- For the cost of debt, I used the S&P bond rating, if one was available, to estimate the default spreads and pre-tax cost of debt of the firm. For non-rated company, I used the standard deviation in equity in conjunction with a look up table (see the cost of capital spreadsheet) to estimate the default spread and pre-tax cost of debt. I used 40% as the marginal tax rate for the US in estimating the after-tax cost of debt.
- I used the current market capitalization as the value of equity and added up all interest bearing debt with the present value of lease commitments (for the next 5 years and beyond) to get to the debt, in computing the weights for debt and equity.
The resulting distribution of costs of capital across US companies is summarized below. Note that 90% of US firms have costs of capital between 5.23% and 10% and 50% of US firms have costs of capital between 6.60% and 9.20%.
If you are skeptical about betas and don’t like computing costs of equity based upon them, I have a suggestion. Use the distribution of costs of capital in this graph, as your basis, for estimating a cost of capital for your firm. Use the cost of capital at the 90th percentile as your cost of capital for a risky firm, 8% as your cost of capital for a mature firm and 5.23% as your cost of capital for a very safe firm, and you should be relatively safe.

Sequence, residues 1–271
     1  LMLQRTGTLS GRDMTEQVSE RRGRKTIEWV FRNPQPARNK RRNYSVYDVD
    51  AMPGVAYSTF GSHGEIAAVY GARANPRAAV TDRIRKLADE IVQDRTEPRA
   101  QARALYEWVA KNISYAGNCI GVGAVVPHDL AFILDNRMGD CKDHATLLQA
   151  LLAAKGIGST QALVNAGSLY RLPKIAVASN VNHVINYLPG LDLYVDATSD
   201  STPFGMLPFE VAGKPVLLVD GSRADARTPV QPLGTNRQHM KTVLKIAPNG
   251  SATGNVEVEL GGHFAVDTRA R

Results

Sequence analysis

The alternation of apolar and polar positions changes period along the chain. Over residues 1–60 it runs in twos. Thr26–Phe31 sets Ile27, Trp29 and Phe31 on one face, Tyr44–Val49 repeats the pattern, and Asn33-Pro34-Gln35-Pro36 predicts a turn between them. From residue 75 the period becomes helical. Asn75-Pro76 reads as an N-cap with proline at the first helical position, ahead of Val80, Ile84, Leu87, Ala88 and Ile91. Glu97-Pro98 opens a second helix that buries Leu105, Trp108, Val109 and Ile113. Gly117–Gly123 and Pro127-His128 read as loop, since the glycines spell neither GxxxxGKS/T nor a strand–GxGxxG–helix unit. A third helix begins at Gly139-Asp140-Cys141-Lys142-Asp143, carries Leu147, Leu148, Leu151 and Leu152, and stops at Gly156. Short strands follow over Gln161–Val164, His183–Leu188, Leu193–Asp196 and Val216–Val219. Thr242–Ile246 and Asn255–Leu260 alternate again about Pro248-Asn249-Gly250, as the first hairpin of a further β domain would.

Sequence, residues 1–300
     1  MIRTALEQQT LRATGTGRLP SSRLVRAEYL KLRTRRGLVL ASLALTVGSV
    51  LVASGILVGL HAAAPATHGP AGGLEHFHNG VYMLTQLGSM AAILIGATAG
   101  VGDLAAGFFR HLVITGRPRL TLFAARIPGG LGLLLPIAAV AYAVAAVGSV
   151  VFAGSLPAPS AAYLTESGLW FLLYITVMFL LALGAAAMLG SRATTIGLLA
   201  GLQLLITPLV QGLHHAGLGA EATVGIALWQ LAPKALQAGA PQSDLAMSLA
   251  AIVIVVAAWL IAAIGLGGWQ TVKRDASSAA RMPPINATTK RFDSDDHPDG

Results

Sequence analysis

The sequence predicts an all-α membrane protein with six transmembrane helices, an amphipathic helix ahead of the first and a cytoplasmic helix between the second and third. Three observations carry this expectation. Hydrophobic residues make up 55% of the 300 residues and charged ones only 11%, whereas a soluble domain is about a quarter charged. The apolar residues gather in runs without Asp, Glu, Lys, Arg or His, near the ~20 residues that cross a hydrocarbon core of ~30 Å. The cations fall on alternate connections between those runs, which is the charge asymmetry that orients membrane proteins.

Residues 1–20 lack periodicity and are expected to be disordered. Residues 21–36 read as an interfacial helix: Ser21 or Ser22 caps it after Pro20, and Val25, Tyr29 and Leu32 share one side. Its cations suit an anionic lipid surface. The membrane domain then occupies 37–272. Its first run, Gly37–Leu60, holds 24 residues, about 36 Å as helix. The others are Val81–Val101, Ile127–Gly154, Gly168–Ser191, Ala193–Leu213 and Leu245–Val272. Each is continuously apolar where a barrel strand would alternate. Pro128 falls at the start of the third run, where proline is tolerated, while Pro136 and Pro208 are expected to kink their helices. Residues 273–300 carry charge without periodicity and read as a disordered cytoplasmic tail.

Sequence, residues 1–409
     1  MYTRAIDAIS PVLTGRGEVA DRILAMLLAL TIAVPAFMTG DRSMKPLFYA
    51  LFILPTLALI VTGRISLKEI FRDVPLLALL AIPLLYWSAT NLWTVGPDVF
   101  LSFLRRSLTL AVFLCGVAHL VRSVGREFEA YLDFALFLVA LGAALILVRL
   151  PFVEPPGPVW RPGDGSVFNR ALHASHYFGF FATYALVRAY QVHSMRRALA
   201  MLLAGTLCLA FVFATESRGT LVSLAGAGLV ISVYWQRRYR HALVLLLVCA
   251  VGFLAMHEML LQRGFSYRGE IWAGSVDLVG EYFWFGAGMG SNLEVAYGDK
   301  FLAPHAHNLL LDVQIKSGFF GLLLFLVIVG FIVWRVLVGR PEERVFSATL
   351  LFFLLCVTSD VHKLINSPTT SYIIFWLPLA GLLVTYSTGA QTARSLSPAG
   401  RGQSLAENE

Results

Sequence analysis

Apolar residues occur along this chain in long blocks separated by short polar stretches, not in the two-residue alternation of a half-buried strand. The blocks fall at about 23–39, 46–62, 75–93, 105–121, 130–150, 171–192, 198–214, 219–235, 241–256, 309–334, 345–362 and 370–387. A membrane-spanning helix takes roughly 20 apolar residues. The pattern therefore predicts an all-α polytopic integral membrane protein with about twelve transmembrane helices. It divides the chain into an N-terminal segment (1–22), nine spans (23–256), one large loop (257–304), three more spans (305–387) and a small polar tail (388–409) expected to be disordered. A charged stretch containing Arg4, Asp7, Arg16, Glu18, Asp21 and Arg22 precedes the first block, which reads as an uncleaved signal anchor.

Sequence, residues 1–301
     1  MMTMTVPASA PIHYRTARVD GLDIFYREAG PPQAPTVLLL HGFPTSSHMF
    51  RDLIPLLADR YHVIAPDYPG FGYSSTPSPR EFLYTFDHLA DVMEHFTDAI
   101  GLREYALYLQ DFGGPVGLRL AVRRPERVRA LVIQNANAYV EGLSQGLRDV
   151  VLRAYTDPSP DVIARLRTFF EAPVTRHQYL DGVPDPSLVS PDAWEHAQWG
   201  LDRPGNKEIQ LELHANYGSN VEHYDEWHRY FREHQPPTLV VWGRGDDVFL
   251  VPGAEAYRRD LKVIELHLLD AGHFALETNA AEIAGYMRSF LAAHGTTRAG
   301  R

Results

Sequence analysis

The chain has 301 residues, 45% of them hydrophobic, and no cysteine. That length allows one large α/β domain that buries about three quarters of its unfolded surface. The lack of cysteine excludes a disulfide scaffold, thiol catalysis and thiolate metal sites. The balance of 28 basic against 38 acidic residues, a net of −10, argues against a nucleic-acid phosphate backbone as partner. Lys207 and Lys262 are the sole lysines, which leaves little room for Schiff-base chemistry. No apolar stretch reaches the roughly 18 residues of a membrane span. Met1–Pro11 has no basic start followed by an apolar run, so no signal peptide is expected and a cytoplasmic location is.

The Cost of Capital – Global Distribution
I also computed the cost of capital differences across global regions. Note that the differences are not rooted in currency, since the cost of capital for every firm is computed in US dollars. As to why costs of capital vary across countries, the answer can be traced back to two factors. The first is that debt ratios vary across the world, and that this may explain some of the variation. The second is that the regions of the world with higher sovereign default spreads and equity risk premiums (they go together in my approach) will have higher costs of capital than regions that have less risk. The table below summarizes the difference.